Empowering Women Doesn't Mean Disempowering Men, with Landesa's Tim Hanstad
Empowerment is not a zero-sum venture, says Landesa CEO Tim Hanstad. Educating the world about this fact will open the door for reform.
Tim Hanstad is President and CEO of Landesa, a non-profit dedicated to securing land property rights for the world’s poorest people. Landesa has worked with dozens of developing country governments on reforms that have helped to secure land rights for millions of families. Landesa has received numerous awards, including the Henry Kravis Prize in Leadership, Gleitsman Foundation International Activist Award, Schwab Foundation Outstanding Global Social Entrepreneur, Hilton Humanitarian Prize finalist, and has been nominated for the Nobel Peace Prize and World Food Prize.
Tim Hanstad: The majority of poor people in the world are women and girls. In developing countries, where the single largest occupation for women is agriculture, and increasingly in Africa and Asia in particular, women are doing the bulk of the farming yet women are almost always locked out of ownership over the most important asset… land. So it's extremely important that we pay attention to who within the household holds legal rights. The ugly truth is is that it is mostly men who are holding women back. Men dominate the policy arena, men dominate the decision making at the community level, at the household level, and we have to address the misconception that empowering women means you're disempowering men. That's a myth. It's a misconception. Empowering one empowers all. Empowering women empowers men, children, families and ultimately the entire society.
Women's economic empowerment is, it's not a women's issue, it's a societal issue. If we're going to address some of the largest challenges we have, poverty, food security, we're going to have to empower women. They have been underutilized as social and economic change agents; they are the ones doing much, if not the bulk of the farming so their relationship to land and to other productive resources is critically important. So the way that we have gone about trying to fight against I would say the opposition is to get men to understand two things: one, it doesn't disempower men, and two, it's a societal issue, and that if you want to address this societal issue you just have to empower women in the society.
One of the lessons learned for us is that when appealing to men about the importance of empowering women is that we often find more success appealing to them in the interest of their daughters rather than their wives. Most fathers do want the best for their daughters. When you appeal to them in the interest of their daughters they find it I think somehow less threatening than appealing to them in their interest of their wives.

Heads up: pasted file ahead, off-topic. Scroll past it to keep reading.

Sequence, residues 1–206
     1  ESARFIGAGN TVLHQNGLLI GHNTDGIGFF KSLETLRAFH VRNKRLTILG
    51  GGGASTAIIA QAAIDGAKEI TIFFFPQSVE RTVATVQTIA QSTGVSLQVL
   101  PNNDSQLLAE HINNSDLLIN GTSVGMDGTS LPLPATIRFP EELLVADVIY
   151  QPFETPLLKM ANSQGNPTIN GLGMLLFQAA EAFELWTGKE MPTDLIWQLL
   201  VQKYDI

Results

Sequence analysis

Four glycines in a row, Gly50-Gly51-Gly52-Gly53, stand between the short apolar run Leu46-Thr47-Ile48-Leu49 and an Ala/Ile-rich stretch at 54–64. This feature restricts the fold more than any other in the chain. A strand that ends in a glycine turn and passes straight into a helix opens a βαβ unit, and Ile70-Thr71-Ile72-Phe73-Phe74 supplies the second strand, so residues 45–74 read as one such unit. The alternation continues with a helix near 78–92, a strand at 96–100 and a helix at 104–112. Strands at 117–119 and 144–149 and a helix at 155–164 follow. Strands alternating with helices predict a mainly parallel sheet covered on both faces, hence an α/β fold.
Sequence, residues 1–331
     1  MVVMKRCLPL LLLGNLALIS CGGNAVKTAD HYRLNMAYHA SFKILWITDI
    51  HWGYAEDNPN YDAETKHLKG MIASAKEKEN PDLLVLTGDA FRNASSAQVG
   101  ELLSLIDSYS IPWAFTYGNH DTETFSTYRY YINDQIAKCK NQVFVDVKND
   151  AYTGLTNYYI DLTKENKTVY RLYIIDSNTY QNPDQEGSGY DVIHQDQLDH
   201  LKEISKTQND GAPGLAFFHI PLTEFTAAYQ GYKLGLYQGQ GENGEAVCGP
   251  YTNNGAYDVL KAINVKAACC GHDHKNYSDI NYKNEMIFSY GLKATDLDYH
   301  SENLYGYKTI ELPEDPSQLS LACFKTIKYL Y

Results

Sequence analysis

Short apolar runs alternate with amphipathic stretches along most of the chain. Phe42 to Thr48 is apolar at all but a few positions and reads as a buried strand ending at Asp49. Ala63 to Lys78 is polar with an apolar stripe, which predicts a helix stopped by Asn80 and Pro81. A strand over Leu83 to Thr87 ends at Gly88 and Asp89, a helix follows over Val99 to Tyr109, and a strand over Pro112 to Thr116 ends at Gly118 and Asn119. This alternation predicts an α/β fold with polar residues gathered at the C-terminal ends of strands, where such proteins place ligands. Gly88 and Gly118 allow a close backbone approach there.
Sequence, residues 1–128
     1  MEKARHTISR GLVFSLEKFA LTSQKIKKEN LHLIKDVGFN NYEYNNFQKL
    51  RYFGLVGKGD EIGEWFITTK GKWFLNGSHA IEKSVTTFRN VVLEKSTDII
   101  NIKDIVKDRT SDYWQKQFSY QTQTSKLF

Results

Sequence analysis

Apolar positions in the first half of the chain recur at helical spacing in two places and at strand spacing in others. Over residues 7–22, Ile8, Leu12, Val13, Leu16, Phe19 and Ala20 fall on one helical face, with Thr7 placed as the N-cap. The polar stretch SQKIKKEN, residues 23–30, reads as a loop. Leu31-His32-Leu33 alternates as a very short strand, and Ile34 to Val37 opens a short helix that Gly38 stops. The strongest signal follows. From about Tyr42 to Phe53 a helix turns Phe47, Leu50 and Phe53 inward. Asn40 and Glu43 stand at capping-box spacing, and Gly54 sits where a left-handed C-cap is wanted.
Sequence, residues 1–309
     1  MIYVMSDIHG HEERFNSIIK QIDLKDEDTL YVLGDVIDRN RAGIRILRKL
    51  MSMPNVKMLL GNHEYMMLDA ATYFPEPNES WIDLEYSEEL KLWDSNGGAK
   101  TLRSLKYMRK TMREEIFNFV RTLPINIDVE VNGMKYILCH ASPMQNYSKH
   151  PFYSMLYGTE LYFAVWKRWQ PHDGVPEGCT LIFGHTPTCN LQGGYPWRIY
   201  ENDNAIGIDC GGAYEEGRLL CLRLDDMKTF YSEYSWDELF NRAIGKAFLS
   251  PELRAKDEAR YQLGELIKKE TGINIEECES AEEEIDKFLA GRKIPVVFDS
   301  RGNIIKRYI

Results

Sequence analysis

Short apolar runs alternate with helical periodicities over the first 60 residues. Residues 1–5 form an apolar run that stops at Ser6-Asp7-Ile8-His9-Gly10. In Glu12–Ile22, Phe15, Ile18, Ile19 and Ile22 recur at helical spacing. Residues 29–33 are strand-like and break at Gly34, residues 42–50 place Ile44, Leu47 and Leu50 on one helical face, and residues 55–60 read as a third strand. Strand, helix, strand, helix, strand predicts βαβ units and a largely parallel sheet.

Even in the most patriarchal societies, men understand that women are entrusted to do some of the most important work, that is caring for children, raising children. So you can often appeal to them from where they are coming from. I mean trying to shove some Western notions of equality down the throats of people who see it as threatening isn't always the most effective way, but if you appeal to them in terms of what is the best for your community, what is the best for your broader society, what is the best for your families, you often can address that resistance.
Directed / Produced by Jonathan Fowler, Elizabeth Rodd, and Dillon Fitton
Throughout the developing world, "and increasingly in Africa and Asia in particular," the single largest occupation for women is agriculture. Yet although they're doing much of the work, women and girls (who make up the majority of poor people on the planet) are restricted from actually owning the land they work.
That's where Landesa comes in. Formerly the Rural Development Institute, Landesa is a not-for-profit organization dedicated to helping the world's poor obtain land property. Tim Hanstad, Landesa's president and CEO, discusses the importance of empowering women.
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